Want to know how to be a super-successful immigrant parent in Sweden? So do I...

If there's no guide book to parenting, there's definitely no guide book to parenting as an immigrant in Sweden. Sure, there's tons of advice to be found. Practical resources are also usually available. And, of course, there are numerous groups for immigrants and expats. These are all great and valuable tools for some of the practical and emotional aspects of parenting, but when it comes to the immediate realities I am confronted with every day as an immigrant parent, I’ve found they have limited usefulness.

The integration tool you probably aren't using in Sweden

For immigrants in Sweden, it can feel at times like the normal daily routine offers precious few opportunities for cultural and historical immersion. This is doubly true for those raising a family. Between acclimating to new ways of doing things, learning the language, working and/or studying, setting up and maintaining a home, caring for children and prioritizing their needs, trying to squeeze in time with a partner, and maybe actually having a social life, it's no surprise that our knowledge of Swedish culture and history often goes woefully uncultivated.

How I embraced Sweden's second-hand culture (and why you should, too)

"My children need the newest and best of everything," said someone who was not me. Don't get me wrong, my children are my precious angels whose needs I put before my own on a regular basis. They are also precious angels whose exuberant love of life means that almost nothing passes out of their possession in "gently used" condition. Which is why I have happily embraced Sweden's vibrant second-hand and upcycling market.

Why America's gun culture made us raise our children in Sweden

I'm often asked why we have made the conscious decision not to live in the United States. Most people laugh at the first answer I generally give, which involves a certain person currently residing in a large white house in Washington, D.C. The laughter always stops when I give my second reason: I already worry enough about my children that I don't want to live in fear that they will be gunned down in a mass shooting, at school or anywhere else.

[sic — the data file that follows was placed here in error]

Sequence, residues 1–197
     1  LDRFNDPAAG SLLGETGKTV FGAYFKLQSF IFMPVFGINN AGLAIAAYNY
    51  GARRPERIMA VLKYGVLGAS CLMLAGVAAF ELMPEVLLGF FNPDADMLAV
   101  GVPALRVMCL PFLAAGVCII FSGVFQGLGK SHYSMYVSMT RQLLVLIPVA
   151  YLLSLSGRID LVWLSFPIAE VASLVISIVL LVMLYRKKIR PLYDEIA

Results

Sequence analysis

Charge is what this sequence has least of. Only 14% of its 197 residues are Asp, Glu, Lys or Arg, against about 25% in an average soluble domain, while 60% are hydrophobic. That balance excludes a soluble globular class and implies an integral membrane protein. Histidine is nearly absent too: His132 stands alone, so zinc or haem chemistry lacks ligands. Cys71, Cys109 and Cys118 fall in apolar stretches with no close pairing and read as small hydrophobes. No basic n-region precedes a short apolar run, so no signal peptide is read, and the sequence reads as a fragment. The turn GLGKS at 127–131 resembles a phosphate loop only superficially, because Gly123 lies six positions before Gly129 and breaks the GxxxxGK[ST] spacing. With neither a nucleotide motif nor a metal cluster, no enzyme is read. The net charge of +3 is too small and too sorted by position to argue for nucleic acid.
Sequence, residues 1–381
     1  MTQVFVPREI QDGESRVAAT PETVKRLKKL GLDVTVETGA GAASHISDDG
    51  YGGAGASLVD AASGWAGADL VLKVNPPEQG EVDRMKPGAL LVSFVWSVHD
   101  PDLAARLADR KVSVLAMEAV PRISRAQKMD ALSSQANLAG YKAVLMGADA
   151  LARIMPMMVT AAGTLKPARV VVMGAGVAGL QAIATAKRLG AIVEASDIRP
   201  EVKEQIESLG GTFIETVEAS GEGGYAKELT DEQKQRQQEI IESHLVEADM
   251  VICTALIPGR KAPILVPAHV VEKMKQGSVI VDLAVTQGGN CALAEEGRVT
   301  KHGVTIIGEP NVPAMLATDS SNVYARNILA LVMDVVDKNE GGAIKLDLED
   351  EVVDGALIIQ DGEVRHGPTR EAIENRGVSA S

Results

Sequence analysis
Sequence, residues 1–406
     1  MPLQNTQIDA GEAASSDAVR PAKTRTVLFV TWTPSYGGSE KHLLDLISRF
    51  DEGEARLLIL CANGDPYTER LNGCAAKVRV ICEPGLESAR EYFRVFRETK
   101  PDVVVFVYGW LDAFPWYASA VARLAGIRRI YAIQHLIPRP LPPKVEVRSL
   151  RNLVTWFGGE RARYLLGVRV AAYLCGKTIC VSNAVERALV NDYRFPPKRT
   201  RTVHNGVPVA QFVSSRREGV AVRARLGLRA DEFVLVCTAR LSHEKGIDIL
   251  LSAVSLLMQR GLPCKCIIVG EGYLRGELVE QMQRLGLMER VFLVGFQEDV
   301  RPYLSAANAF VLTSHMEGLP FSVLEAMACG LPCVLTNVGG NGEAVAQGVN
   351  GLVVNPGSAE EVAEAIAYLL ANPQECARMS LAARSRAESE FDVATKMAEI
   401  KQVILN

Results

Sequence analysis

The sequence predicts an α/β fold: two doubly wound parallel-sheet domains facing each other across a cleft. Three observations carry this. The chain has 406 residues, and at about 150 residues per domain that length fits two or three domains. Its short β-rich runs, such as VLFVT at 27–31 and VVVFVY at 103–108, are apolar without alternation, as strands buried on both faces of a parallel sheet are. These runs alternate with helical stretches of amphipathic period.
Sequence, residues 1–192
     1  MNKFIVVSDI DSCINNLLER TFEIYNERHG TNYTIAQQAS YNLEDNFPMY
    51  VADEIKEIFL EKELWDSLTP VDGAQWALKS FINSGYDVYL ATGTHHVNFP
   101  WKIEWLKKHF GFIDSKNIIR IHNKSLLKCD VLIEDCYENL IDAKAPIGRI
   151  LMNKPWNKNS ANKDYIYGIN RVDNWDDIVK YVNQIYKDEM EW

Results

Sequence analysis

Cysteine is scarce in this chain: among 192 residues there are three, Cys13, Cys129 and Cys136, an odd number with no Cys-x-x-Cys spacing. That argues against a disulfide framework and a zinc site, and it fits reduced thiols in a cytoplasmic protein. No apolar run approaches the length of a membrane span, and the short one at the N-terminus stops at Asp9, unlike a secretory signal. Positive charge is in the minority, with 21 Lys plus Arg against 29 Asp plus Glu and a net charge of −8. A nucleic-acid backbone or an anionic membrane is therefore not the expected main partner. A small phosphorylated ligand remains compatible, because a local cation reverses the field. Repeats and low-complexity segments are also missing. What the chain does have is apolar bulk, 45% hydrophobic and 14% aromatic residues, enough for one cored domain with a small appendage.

Battling nostalgia during Halloween and the holidays in Sweden

For my daughter's first Halloween in Spain, I dressed her up as Minnie Mouse and took her to a small local event hosted by another Spanish/American couple. She was absolutely adorable. Too adorable, in fact. All – and I mean every single one – of the other children were dressed as witches, skeletons, vampires, etc. Clearly, I had missed the memo that, in Spain – where Halloween is only just starting to catch on – "scary" costumes are de rigueur for even the youngest children.

How family-friendly Sweden opens up art and culture to all ages

There was a time when I thought that the incredibly diverse and enriching range of cultural, historical, intellectual, and physical experiences my parents provided me as a child had set the bar quite high. Perhaps so high that I would struggle as a parent to reach it. I also worried the traditionally non-kid-friendly cultural and historical activities my husband and I enjoyed so much would be off-limits to us until our children were older. That was before we moved to Sweden.